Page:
Wool Challis Dress Progress

Some time around 10 this morning I thought to myself:

I used to do this a lot faster.”

I got home from a “quick” errand yesterday, I guess that would be Friday, and pulled out my red plaid wool challis. It was time to stop imagining the math and figure out just where the plaids will land. My hope was to get the red stripe section to sit at the hem of the skirt. Why? Dirt. Being an loose weave wool, this dress will not be washed often if ever. It will be brushed off and spot cleaned. If I absolutely have to, I will soak it. Putting the bolder band of red at the bottom will also, hopefully, help with period esthetic, drawing the eye out as it goes down, creating width to the hem.

The tape measure told me the plaids repeat every 8 or 8.5 inches. Good and bad. Good in that this gives a repeat times 5 that is just a little over my normal panel length of 42inches. This let the panels sit with the red section just above the bottom. Bad in that the repeats are not exact, meaning there is some variation in the weave tightness. Given the price, I should not be surprised. This does tell me wonkiness could happen as I proceed. Good to know.

I measured and marked my panel lengths… separated the skirt section from the bodice/sleeves section… pulled threads… and cut the panels. Lining up the plaids, I stitched each of the panels together and felled the seams.

I had planned on gauging this skirt. But, luckily I decided to do two sample areas. I changed my mind and went with stacked knife pleats. The math worked out nicely. Yes, I pleat with math. I like math. An interesting thing developed because I used directional pleats. On one side, I got a nice red, red, white, grey sequence in balance. On the opposite side, folding the other way, the white and grey dominated.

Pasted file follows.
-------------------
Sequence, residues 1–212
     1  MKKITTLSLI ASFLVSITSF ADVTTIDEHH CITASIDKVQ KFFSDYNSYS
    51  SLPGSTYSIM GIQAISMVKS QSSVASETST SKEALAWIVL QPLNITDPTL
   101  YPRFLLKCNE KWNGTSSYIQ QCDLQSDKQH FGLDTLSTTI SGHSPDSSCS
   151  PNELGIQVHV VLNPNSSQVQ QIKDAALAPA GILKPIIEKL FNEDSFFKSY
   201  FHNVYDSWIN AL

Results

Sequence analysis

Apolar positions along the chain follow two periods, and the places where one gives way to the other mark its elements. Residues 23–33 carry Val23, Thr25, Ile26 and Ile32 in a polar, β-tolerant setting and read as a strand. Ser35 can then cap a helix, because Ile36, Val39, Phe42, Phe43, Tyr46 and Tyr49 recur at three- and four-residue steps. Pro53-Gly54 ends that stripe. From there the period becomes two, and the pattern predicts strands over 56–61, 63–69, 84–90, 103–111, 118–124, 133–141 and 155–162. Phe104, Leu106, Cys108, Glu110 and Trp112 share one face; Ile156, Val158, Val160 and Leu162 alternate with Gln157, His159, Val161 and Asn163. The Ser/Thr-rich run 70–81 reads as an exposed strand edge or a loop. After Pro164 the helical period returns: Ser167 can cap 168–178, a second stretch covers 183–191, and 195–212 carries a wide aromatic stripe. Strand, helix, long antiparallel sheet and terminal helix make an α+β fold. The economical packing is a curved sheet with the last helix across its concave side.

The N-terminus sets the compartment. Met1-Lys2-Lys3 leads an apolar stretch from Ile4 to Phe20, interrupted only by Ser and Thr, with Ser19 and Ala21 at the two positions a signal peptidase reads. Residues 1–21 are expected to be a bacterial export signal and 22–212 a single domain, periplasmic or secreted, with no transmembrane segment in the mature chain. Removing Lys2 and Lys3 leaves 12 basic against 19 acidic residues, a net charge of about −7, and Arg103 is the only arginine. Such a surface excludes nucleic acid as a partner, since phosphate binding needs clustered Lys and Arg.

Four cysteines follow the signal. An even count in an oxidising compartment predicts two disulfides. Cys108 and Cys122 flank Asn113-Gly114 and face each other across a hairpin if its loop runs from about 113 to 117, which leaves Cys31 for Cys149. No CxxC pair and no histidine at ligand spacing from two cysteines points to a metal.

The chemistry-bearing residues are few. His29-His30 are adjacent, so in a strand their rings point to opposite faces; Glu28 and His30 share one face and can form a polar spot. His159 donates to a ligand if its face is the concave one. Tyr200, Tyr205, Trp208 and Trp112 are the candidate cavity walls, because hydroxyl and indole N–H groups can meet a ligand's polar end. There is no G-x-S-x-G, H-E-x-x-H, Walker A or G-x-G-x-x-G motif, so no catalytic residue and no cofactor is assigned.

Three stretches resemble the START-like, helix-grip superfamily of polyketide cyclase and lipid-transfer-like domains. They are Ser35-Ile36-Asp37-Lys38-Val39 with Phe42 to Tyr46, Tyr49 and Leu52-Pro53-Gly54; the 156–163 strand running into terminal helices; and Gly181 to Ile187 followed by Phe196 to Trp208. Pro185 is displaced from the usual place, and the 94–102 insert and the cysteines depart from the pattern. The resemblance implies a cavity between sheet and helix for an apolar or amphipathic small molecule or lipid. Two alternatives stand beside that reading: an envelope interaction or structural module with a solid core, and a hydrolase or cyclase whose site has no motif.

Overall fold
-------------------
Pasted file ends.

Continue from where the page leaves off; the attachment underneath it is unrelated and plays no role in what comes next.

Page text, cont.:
About two thirds of the way around, the sun had passed over and settled my livingroom into shadows. I continued on with a section of gauging for the center back.

There was just enough light to tear sections for the hem. I pieced them together and clipped them in place. Then, I looked at the clock. Wasn’t it just one o’clock? How was it after eight and getting dark?

This morning, I grabbed the skirt right after feeding the feline keeper of time. Opened the blinds and sat down to the hem. Around and around the 180 inches. Attach the facing. Hem the facing. Attach the tape. Fold the tape.

Somewhere in there, around ten I think, I thought to myself

I used to do this a lot faster.”

In the, what 8? 10? hours I’ve spent hand sewing this skirt, I would have sewn the whole dress – skirt, bodice, and sleeves.

But, I wouldn’t be happy with how the plaids lined up. I wouldn’t be happy with the weight of the seams with the stiff thread.

This slow sewing is just fine for me. I can curl up with my fabric. I can pay attention to the details.

Now, I’ve been typing away and completely lost track of where I was going with all this. The skirt is ready to be set on the waist. The rest of the wool is neatly folded and waiting. I need to get out the binder of patterns to pick out the pieces.

But first I have strawberries to bead.

Published in: on April 23, 2022 at 1:34 pm  Leave a Comment  

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